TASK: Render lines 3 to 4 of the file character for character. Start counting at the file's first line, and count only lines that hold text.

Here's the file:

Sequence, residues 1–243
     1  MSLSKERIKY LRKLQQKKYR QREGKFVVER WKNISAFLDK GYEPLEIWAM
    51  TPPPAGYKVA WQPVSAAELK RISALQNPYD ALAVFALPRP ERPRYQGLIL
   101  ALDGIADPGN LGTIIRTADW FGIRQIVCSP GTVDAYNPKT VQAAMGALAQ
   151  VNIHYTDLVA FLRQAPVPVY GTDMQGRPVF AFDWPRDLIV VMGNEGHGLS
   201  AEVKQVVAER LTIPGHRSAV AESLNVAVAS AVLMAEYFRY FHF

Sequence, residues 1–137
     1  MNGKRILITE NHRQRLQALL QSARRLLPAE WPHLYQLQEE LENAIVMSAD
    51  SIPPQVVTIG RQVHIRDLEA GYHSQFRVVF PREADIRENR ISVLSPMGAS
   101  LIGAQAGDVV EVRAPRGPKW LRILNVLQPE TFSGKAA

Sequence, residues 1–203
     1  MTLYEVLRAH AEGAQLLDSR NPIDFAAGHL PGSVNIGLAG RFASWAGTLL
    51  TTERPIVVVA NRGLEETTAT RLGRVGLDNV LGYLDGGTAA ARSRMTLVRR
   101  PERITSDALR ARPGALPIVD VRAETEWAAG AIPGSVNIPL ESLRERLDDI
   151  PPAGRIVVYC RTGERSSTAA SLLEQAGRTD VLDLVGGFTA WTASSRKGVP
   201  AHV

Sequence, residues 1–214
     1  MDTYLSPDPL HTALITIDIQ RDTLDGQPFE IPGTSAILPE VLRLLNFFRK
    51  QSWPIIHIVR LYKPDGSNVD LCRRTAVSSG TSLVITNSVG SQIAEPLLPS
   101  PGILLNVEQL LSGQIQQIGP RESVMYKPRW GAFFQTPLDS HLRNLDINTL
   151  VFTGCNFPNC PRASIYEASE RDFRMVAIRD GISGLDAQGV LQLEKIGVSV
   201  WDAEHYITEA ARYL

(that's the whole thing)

    51  TPPPAGYKVA WQPVSAAELK RISALQNPYD ALAVFALPRP ERPRYQGLIL
   101  ALDGIADPGN LGTIIRTADW FGIRQIVCSP GTVDAYNPKT VQAAMGALAQ